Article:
Currently, almost every gallon of gasoline contains 10% ethanol made from corn and 90% petroleum gasoline refined from crude oil as a result of the federal Renewable Fuel Standard. (RFS). However, declining gasoline use is intensifying the existing fight between big oil companies and the corn ethanol industry (or Big Corn) over how much of the shrinking transportation fuel pie each gets. The most immediate impact of the RFS wars is to focus attention on corn ethanol and petroleum gasoline at the detriment of second-generation biofuels. These fuels — produced from the inedible parts of plants with much lower greenhouse gas emissions than corn ethanol — can also be blended with gasoline. Adding them to the fuel mix would lessen transportation-caused emissions considerably because they emit vastly less carbon than corn ethanol or petroleum gasoline.While commercialization of second-generation biofuel has been very slow up to now, with only negligible volumes produced in 2017, recent innovations by American companies provide some hope. Today, several firms are producing cellulosic ethanol from corn kernel fiber, which would otherwise not be used productively. o Big Oil, EPA has secretly given compliance exemptions from using ethanol to several large and profitable firms that own small refineries. While EPA has the authority to exempt small refineries that suffer "disproportionate economic hardship" from complying with the statute, it has not demonstrated such hardship in these cases. Continuing these covert exemptions would be a back-door way to reduce the RFS mandate, and a reading of the law suggests it would be illegal. To placate the corn ethanol industry, the White House has proposed to allow year-round sales of gasoline containing 15% ethanol, up from the current 10%. However, because ethanol increases ozone levels, this violates current air quality standards specified in the Clean Air Act. Furthermore, EPA had previously determined that it could not legally make the change.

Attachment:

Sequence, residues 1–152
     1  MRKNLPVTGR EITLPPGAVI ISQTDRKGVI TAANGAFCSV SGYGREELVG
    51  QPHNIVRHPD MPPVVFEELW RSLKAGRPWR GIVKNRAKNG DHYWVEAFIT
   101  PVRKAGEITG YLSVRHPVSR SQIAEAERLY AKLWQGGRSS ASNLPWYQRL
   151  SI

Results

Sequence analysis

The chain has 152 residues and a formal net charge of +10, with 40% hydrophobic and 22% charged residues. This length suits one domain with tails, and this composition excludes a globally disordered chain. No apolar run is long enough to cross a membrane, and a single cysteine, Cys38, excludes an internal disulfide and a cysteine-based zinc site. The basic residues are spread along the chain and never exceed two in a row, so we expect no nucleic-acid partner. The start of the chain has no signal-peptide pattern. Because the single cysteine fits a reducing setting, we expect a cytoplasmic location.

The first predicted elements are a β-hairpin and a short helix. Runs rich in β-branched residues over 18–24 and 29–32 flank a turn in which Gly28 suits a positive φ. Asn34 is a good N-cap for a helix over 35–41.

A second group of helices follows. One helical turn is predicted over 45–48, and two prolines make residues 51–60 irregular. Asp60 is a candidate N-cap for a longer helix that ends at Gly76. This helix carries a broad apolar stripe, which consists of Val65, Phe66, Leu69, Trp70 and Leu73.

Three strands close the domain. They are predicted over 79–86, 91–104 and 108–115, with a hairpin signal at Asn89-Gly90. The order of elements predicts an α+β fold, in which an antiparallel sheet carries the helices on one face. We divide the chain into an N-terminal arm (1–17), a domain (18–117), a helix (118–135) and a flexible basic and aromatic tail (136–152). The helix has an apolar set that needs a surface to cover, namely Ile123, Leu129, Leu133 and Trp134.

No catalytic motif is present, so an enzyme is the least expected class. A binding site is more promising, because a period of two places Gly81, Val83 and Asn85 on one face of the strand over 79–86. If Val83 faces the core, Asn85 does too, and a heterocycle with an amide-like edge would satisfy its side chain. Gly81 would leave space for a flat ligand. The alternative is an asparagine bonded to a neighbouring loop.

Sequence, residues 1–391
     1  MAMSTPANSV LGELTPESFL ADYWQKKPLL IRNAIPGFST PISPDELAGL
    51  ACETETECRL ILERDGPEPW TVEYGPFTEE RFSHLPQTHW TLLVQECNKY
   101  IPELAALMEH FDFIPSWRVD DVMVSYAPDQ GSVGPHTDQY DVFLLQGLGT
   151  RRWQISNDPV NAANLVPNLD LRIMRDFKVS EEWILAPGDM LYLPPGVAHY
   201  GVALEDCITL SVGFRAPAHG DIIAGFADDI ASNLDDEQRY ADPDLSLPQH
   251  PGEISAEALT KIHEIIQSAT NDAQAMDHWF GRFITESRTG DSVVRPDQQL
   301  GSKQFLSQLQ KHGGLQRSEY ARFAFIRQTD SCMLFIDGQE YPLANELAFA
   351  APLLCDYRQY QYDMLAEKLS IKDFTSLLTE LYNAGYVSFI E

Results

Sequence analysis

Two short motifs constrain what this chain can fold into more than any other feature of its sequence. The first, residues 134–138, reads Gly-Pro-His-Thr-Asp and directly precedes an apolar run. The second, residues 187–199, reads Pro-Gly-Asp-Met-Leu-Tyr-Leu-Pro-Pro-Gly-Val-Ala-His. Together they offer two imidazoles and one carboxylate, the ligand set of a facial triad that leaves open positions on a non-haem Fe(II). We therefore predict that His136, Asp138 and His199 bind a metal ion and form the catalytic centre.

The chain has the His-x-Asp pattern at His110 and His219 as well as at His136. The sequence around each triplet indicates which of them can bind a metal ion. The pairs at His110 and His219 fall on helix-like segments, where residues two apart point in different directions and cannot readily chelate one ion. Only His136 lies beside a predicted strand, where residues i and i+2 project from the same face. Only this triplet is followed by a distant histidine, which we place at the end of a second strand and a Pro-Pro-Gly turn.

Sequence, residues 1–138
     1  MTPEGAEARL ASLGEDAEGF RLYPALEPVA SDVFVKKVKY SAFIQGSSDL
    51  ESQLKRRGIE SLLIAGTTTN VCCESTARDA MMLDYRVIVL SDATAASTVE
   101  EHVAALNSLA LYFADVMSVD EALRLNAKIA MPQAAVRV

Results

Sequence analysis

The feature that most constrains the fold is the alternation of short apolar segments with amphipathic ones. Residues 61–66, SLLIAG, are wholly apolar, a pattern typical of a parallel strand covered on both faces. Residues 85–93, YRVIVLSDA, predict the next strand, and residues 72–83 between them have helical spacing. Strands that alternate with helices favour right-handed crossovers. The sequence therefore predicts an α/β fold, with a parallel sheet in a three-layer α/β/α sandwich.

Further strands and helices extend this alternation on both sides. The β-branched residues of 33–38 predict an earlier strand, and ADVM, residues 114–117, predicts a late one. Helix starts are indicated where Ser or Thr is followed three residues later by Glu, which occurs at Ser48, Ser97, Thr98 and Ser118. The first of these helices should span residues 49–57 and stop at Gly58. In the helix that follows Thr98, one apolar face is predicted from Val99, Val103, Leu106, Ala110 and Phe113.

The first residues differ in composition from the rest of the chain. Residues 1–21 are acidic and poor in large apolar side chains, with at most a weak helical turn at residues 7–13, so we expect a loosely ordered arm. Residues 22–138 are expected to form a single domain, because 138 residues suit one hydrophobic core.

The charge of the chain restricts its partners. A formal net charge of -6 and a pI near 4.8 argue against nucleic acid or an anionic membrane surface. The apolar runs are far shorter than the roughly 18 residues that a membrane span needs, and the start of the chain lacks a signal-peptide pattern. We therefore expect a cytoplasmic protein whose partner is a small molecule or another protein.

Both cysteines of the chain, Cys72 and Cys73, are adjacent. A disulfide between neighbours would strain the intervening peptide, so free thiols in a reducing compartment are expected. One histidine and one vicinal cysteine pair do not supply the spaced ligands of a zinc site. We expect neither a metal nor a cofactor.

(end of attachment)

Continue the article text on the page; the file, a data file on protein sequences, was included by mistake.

The Mountain Valley Pipeline project has been cited for failing to control erosion at two work sites just two months after construction started on the more than 300-mile (483-kilometer) pipeline through Virginia and West Virginia. The Roanoke Times reported Wednesday that an inspection found flaws in erosion and sediment control measures last month at two sites in Wetzel County. The West Virginia Department of Environmental Protection issued a notice of violation April 25, saying work crews failed to prevent sediment-laden water from leaving a site where a compressor station is under construction before first passing through a control device.At another site, erosion wasn't properly channeled down a hillside, causing a portion of the slope to give way.